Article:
AP Suggests Christians Oppose Faith-Affirming License Plates

When did it become the Christian thing to do to support a ban on license plates that depict Christian messages because they supposedly violate the First Amendment?

Reporting on a suit filed by Americans United for Separation of Church and State to block South Carolina's decision to issue “I Believe” license plates, the Associated Press quotes three pastors in defense of the suit and none for the opposition.  The only supporter of the license plates cited in the AP article is South Carolina's House Speaker Bobby Harrell.

The AP article first quotes Rev. Barry Lynn, executive director of Americans United for Separation of Church and State.  He says, “I do believe these 'I Believe' plates will not see the light of day because the courts, I'm confident, will see through this.”

Next, the AP article quotes a Methodist pastor, Rev. Thomas Summers of Columbia, who joined the lawsuit.  Asserting that the plates promote discrimination, he says, “I think this license plate really is divisive and creates the type of religious discord I've devoted my life to healing.”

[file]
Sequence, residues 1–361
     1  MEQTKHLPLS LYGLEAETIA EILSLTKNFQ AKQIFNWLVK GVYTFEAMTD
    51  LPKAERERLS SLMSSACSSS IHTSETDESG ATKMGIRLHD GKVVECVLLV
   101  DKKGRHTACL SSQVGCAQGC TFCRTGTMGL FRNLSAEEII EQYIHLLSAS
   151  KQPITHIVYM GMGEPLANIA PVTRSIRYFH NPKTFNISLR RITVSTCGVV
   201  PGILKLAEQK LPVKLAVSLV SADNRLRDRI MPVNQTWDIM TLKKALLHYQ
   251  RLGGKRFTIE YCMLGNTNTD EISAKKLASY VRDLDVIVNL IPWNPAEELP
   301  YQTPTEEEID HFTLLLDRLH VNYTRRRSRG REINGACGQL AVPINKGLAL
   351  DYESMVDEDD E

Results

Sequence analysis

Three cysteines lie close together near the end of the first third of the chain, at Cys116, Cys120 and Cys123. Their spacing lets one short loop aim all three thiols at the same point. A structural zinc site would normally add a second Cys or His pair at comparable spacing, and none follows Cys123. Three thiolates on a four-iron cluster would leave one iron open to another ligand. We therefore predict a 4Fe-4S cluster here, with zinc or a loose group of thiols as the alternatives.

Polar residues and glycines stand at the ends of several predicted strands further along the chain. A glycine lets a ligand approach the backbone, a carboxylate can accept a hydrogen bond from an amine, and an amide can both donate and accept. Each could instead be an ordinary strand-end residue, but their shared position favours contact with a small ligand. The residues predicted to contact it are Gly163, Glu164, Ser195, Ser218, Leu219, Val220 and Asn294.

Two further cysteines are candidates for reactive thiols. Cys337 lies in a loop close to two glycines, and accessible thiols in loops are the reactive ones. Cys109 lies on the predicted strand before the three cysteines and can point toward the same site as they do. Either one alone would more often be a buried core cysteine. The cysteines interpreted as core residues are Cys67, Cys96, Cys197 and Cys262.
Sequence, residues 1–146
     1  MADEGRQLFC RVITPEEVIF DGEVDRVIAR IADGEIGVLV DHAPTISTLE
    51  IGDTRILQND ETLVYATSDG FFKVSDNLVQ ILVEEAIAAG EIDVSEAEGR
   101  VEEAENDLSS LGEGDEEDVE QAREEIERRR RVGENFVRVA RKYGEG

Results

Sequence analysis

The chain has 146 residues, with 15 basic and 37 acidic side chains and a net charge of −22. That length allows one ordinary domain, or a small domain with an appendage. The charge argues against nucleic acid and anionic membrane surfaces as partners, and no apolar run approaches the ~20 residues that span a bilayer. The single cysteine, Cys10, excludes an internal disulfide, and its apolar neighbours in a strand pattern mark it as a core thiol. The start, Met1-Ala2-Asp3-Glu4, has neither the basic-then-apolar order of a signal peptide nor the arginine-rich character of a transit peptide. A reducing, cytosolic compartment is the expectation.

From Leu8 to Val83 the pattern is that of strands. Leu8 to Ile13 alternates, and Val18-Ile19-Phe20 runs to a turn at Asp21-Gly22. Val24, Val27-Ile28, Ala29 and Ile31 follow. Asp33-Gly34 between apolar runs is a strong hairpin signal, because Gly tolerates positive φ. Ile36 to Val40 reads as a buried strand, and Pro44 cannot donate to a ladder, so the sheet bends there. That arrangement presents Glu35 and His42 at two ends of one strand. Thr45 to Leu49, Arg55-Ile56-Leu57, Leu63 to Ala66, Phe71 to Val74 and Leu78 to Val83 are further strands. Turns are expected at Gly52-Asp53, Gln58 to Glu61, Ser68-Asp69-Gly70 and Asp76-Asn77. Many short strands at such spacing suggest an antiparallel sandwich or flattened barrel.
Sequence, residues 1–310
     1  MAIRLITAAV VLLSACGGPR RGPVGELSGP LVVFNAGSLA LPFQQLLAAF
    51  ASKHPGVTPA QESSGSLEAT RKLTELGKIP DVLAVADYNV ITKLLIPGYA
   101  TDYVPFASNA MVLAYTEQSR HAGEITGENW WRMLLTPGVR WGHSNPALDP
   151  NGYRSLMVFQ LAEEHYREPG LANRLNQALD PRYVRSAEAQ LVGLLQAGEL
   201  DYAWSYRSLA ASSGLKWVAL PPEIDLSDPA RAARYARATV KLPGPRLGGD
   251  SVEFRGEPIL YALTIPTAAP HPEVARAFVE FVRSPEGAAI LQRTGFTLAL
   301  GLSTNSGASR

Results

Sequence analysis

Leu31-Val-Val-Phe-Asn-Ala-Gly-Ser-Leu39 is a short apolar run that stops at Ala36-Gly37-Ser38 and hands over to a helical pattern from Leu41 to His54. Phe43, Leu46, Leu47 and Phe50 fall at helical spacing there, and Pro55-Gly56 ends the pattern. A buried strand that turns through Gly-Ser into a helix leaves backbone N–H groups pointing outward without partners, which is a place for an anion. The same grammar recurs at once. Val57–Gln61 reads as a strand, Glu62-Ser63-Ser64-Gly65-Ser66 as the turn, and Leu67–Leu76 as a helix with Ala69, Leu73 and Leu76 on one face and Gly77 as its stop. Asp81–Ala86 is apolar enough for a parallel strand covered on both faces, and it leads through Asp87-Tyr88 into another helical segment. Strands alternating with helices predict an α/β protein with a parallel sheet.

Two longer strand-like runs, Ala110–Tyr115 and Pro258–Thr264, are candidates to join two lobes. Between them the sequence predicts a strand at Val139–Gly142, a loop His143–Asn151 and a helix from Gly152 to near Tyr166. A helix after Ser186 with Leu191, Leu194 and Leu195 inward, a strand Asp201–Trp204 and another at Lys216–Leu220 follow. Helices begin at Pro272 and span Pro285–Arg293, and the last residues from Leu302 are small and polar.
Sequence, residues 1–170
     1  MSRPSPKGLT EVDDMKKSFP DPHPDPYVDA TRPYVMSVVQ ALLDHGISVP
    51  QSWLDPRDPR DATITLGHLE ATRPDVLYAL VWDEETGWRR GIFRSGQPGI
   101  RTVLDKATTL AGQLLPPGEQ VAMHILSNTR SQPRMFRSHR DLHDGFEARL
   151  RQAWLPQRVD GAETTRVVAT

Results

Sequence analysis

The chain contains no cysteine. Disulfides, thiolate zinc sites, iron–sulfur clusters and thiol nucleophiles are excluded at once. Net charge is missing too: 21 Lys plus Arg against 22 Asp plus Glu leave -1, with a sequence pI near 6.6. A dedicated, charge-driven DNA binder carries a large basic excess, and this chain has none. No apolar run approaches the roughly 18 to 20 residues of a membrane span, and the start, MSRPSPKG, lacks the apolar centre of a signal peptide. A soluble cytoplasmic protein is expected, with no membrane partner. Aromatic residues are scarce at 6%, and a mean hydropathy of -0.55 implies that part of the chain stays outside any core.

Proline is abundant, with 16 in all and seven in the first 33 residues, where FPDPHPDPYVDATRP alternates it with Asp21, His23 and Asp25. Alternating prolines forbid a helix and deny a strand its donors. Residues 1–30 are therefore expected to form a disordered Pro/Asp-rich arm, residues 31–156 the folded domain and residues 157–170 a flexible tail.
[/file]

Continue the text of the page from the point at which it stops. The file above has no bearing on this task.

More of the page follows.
The AP article ends paraphrasing the Rev. Robert Knight of Charleston saying that “the plates cheapen the Christian message.”  The article quotes Knight as saying, “As an evangelical Christian, I don't think civil religion enhances the Christian religion.  It compromises it. . . . That's the fundamental irony.  It's very shallow from a Christian standpoint.”

The article gives no pastoral voice for the opposition but only quotes Speaker Harrell.  Referring to the group that filed the lawsuit, he says, “I think this has less to do with the First Amendment and more to do with their disdain for religion generally.”

Julia Seward is an intern at the Culture and Media Institute, a division of the Media Research Center.